Governance round-up: November 2015

 Trust and confidence are our lifeblood. If we don’t express our values in all we do, we will erode the trust and confidence on which our charities and our sector rely for their good work to flourish.

Philip Kirkpatrick, Joint Head of Charity, Bates Wells & Braithwaite

Trustee Conference 2015

November is a booming month for governance activity. The NCVO/BWB annual Trustee Conference kicked off Trustees’ Week, with events across the country. Philip Kirkpatrick’s words (above) are taken from his keynote address, which focused on a balanced critique of aspects of charity fundraising but also tackled some of the incorrect and exaggerated media coverage over the past summer. He then drew back to some useful observations and reality checking about trusteeship in general. If you’re a trustee it’s a thought provoking and reassuring read.

See other conference presentations

Fundraising regulation reform

At our conference, Alice Faire Walker from BWB gave a helpful summary of where we are at with fundraising and stressed the oversight by trustees of fundraising activity.

Review of fundraising – initiatives Current status
Government-commissioned review of regulation of fundraising led by Sir Stuart Etherington Report published September 2015
Government proposals to add new statutory fundraising obligations to the Charities Act 1992 and Charities Act 2006 The Charities (Protection and Social Investment) Bill is progressing through the House of Commons.  Unlikely to become law until 2016 earliest
Parliamentary inquiry into charity fundraising (Public Administration and Constitutional Affairs Committee) Ongoing
Information Commissioner’s Office review of charity data sharing practices Ongoing
Various FRSB investigations Ongoing
Changes to the Institute of Fundraising Code of Fundraising Practice Some changes made in summer and September 2015; more changes expected
Charity Commission review of its publication “CC20 Charities and Fundraising” Consultation on revised draft expected in October

Company law changes

For those of you who are trustees of charitable companies, there are a couple of reforms to the Companies Act to be aware of.

  • Ban on Corporate Directors – It will no longer be possible for companies to have corporate directors. From October 2016 all directors of a company must be natural persons. This does not affect ex-officio directors. Any appointment of a corporate director after this date will be void. Any existing corporate directors will cease to be directors one year after the changes take effect. There are likely to be some exceptions so stay tuned.
  • Annual Returns will no longer have to be filed at Companies House – The new requirement is to file a statement every 12 months, confirming that Companies House has been duly notified of all changes (such as director appointments and change of director particulars) within that 12 month period. The change is scheduled to take place in April 2016. While this may help with company administration, don’t forget your annual return to the Charity Commission still needs to be done.

HMRC has published new model Gift Aid declarations

HMRC has said the new wording must be used from 6 April 2016 and has issued new guidance. Crucially, charities will not need to contact donors to update existing enduring declarations. HMRC has agreed that charities may use up existing stock of pre-printed material beyond that date.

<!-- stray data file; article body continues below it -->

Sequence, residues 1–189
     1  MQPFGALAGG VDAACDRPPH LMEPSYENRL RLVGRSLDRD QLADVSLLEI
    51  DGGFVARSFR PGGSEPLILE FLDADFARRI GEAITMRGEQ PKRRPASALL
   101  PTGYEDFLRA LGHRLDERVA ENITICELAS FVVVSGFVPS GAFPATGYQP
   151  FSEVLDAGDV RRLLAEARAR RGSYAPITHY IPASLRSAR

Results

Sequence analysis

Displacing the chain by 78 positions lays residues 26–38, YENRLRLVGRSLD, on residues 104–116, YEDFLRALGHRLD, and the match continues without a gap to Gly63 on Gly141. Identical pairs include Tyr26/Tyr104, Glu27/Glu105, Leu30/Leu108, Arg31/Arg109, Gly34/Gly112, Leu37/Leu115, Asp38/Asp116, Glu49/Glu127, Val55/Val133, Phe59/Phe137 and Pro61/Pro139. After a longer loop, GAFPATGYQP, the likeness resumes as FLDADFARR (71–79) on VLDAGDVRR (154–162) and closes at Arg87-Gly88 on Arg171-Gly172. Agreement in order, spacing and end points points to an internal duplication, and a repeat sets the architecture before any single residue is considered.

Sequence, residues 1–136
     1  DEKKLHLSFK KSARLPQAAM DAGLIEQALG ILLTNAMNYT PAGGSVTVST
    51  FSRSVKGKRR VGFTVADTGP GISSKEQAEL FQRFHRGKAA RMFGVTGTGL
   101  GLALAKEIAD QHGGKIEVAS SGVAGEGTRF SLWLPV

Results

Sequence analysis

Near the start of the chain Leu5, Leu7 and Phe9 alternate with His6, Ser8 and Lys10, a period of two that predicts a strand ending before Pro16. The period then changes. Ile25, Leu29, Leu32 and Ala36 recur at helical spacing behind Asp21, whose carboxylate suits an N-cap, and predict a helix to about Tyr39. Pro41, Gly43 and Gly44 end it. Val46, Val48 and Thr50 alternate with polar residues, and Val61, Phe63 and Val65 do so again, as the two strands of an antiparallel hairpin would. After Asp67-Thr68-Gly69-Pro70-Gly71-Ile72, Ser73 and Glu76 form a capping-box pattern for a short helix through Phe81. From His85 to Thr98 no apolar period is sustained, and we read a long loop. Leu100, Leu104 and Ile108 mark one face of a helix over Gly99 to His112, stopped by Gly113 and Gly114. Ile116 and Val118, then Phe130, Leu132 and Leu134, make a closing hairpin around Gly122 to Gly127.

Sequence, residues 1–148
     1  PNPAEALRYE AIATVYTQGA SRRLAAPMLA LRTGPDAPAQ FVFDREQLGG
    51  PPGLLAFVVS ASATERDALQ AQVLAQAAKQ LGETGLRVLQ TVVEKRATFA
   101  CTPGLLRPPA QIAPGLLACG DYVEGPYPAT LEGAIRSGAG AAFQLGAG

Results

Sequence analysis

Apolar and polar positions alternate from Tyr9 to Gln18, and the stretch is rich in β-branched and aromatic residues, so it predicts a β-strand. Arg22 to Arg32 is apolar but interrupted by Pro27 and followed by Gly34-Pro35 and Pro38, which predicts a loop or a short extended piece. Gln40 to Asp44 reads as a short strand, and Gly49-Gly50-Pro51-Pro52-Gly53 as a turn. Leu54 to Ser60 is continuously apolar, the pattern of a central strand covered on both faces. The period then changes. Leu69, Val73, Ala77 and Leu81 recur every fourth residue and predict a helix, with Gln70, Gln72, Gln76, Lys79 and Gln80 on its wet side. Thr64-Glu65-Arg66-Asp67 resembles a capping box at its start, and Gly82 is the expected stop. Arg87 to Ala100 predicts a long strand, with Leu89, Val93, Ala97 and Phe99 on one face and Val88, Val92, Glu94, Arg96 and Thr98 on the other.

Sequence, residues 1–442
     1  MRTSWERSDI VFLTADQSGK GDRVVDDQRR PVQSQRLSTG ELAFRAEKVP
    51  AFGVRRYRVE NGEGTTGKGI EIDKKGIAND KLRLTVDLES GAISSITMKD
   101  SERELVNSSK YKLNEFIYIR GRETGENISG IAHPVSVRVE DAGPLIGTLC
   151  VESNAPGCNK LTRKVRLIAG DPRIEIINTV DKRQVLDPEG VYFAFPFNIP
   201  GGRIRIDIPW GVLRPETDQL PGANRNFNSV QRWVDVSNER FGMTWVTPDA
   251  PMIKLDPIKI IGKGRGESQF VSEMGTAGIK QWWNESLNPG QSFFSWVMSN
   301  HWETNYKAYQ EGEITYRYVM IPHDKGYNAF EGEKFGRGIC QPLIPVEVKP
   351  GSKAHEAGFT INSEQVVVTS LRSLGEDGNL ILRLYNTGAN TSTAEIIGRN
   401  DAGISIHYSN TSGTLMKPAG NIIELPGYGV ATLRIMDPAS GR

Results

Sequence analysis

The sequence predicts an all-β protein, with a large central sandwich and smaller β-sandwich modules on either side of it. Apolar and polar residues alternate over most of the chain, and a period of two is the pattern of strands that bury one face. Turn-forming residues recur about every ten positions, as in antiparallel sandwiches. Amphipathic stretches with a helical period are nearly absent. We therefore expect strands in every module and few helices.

My colleague Michael Birtwistle writes more about the changes in his blog post.

Independence of charities and trustee fiduciary powers and duties

Joseph Rowntree Charitable Trust (JRCT) was an interested party in the recent Cage judicial review of the Charity Commission. The case was withdrawn by agreement before completing but did raise issues about the extent of the Commission’s powers to ‘fetter the discretion for all-time’ of a charity’s trustees in making funding decisions. BWB acting for JRCT has produced a summary note and Civil Society Media also covered the story.

A question of balance – a guide to the chair and chief executive relationship

The Association of Chairs has produced a free guide to help chairs explore and strengthen the relationship they have with their CEO. It is intended primarily for chairs, both new and experienced, but will also be useful to vice chairs, trustees, CEOs and governance advisers.

Governance blog posts pick ‘n’ mix

My NCVO colleagues (and a few guests) have been keen governance bloggers this month:

And if you’re after a bit of training or development…

Fundraising responsibilities for trustees – 25 January 2016

Charity trustee: induction and refresher course – 5 February 2016

Understanding the numbers: financial intelligence for trustees – 4 March 2016

The high performance board – 14 March 2016

New NCVO Trusted Supplier, ella forums, who are specialists in leadership development, would like to invite you to a complimentary leadership development taster meeting specifically for NCVO members. 7 December, 9.00-13.30 at NCVO. To find out more and book your place email or call 0207 7545 707.


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Myles currently leads on NCVO’s practical support offer and was previously an NCVO governance consultant. He has spent most of his career in the UK and Australian voluntary sectors. Myles is a former chief executive of both a local law centre and the Community Legal Centres Association of Western Australia. He is also an experienced trustee and chair of various frontline organisations and umbrella bodies in the legal aid, human rights and health sub-sectors.

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